DOWNERS GROVE – Last July, for the first time in his 58 years, Olympian Michael McCahey’s body wasn’t cooperating.
The Downers Grove resident broke his elbow after slipping on a wet floor, and then a week later, he fractured his leg while training for a marathon.
Few things would have been more frustrating for a man used to setting athletic goals and then pretty much always reaching them. As a 10-year-old, McCahey told his father he wanted to be on the U.S. Olympic fencing team, shorty after discovering the sport at the Chicago Athletic Club.
“And he said, ‘I’ll support that if you commit to it,’” McCahey said. “And so I did.”
As a lanky and initially uncoordinated child, his first competition did not go well, but McCahey developed the discipline that would serve him well moving forward.
“I listen well, and I built a good foundation of techniques, which is the attitude I started to take to any sport – which is to learn the foundation, learn the technique, learn the fundamentals and then work at it very hard and you’ll be successful,” he said. “I’ve taken that philosophy in everything I’ve done in my life, whether it be business or athletics.”
By his senior year of high school, McCahey won the U.S. National Championship, and the following fall, he attended Notre Dame on a fencing scholarship. The team won two NCAA championships, and after competing internationally, McCahey joined the U.S. Olympic team in 1980. He was close to his dream, but world events would delay the realization for four more years.
“On [March 21], then-President Jimmy Carter announced that we would be boycotting the Olympic games in Moscow due to the fact that the Soviets were invading Afghanistan – how ironic,” he said. “Sixty-seven percent of the athletes voted in support of that boycott, including myself. We felt it was not in keeping with the Olympic spirit to go compete for peace and harmony on the soil of a country that was invading its neighbor. It put a big dent in my Olympic dream.”
McCahey kept training for four more years, and by 1984, he ranked higher internationally than in 1980, he said, and he led the U.S. team’s efforts in the 1984 Games in Los Angeles.
Walking in the opening Olympic ceremonies almost was “beyond description,” he said.
“Your whole life as an athlete you dreamt of this and visualized it. I saw myself walking in there with almost all of the other top athletes in the world, and when it actually happened, it’s almost surreal. So you soak in the sounds of the crowd and the lights and the pomp and circumstance.
“And I would have to say it’s probably the greatest feeling in the world.”
Having accomplished his goal despite the U.S. team not medaling in the ’84 Game, McCahey was ready to move on to other pursuits. Other than a few competitions, he left fencing behind and refocused to raising his two daughters and building his software sales career.
Athletics were largely in the rear-view mirror until one of his daughters reached high school in 2009 and challenged McCahey to run with her so she could train for the track team.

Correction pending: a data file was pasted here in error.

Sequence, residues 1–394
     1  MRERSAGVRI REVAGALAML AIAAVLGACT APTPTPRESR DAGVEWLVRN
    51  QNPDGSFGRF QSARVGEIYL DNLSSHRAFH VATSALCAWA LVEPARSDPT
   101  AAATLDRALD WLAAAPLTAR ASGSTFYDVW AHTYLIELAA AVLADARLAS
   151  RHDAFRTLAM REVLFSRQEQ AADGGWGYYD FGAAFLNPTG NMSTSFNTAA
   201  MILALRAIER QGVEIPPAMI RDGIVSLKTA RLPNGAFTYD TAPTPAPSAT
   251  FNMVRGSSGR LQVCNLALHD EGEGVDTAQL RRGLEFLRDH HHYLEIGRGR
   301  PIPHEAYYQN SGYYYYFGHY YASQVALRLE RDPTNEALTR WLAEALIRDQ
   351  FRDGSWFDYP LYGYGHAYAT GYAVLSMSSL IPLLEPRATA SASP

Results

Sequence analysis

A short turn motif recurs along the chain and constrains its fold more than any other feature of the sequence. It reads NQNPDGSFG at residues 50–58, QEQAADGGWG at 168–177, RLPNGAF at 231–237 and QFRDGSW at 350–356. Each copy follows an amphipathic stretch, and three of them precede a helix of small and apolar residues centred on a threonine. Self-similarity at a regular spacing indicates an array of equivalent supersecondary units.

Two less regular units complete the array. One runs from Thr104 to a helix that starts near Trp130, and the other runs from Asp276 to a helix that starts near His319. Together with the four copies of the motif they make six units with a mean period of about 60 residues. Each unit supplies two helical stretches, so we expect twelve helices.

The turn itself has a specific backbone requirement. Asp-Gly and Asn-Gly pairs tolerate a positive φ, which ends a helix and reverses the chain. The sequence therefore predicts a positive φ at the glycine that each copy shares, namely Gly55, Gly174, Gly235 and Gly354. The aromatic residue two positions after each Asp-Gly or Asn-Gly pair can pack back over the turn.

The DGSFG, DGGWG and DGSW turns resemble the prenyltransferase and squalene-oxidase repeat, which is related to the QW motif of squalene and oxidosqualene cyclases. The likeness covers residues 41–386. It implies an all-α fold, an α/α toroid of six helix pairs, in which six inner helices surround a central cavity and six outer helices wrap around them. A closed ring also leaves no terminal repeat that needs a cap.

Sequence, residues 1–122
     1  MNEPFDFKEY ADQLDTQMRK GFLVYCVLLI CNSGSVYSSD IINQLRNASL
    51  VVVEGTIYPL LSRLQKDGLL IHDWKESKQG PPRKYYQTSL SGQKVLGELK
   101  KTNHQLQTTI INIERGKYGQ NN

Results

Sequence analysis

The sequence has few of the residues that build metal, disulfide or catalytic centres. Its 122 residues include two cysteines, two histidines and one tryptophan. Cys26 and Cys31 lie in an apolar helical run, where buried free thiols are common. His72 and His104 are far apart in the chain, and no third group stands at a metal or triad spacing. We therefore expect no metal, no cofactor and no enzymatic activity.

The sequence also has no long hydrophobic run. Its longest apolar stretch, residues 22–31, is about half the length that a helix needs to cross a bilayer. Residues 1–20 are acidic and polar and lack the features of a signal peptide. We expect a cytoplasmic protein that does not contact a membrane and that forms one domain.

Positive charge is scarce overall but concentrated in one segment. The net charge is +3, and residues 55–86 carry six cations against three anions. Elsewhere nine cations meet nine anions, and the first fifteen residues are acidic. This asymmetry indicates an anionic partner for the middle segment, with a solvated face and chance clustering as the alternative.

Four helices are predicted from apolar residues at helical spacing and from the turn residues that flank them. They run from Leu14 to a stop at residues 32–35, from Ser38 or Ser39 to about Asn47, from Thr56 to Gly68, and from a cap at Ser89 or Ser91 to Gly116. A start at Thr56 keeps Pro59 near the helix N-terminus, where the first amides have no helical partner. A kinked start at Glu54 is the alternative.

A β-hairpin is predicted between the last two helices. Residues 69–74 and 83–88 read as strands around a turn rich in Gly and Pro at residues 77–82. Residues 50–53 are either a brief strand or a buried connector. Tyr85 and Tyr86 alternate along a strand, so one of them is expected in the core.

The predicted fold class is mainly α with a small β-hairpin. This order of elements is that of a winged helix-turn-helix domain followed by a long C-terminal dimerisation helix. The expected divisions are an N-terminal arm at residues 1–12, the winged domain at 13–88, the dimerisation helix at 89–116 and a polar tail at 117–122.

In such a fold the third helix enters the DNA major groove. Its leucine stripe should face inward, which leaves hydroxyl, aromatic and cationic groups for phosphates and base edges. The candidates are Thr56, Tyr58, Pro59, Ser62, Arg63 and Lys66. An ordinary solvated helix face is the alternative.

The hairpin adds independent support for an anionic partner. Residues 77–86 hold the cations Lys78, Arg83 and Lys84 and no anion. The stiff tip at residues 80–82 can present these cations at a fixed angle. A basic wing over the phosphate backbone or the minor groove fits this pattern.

“I trained for about a two-month period,” he said. “I dropped about 30 pounds. I entered the 5k race, and I kind of got the bug for competition. I won my age group for that race, and I thought, ‘This is a lot of fun.’”
McCahey found himself in a new sport, and typically, he set high goals.
“I entered the Chicago Marathon for my second competitive race,” he said. “It was a big leap, but I absolutely fell in love with the distance and running in general. I joined the Chicago Runners Association, and in 2011 I won the Chicago circuit in my age group for them.”
Things were going smoothly until July 27, 2012, when he was carrying his dog into the house on a rainy day. He slipped and fell, breaking his elbow.
“I convinced the doctor not to put it into a cast,” he said. “We just put it in a bandage and a sling, so that when I was training, I could just keep my arm at 90 degrees. I could run with it, I figured I could deal with the pain and keep training. And then on the second or third of August, I was doing a track workout and as I came around turn one, I planted my right foot and my right leg broke.”
McCahey was in a boot for 12 weeks, and worked with physical therapist Shilpi Havron to heal.
When he was finally out of the boot, the muscles in his right leg had atrophied from lack of use, and he had lost his running speed and endurance. It was time for McCahey to set some new goals.
In November, he started training for April’s Boston Marathon. By Christmas, with the help of his physical therapist, he was already up to 40 miles a week.
At the Boston Marathon, he was back to near full-peak, and he finished an hour and forty minutes before the first of the two bombs were detonated.
McCahey is now back to full strength, and last month he ran a personal best marathon time in Duluth, Minn., – 3 hours and 6 minutes – less than a year after two serious injuries.
“A goal without a plan is really a wish,” he said. “And wishes don’t often come true. But if you have a plan, and put steps in place, and set the bar higher than you think you can reach, anything is available for anybody. I truly believe that.”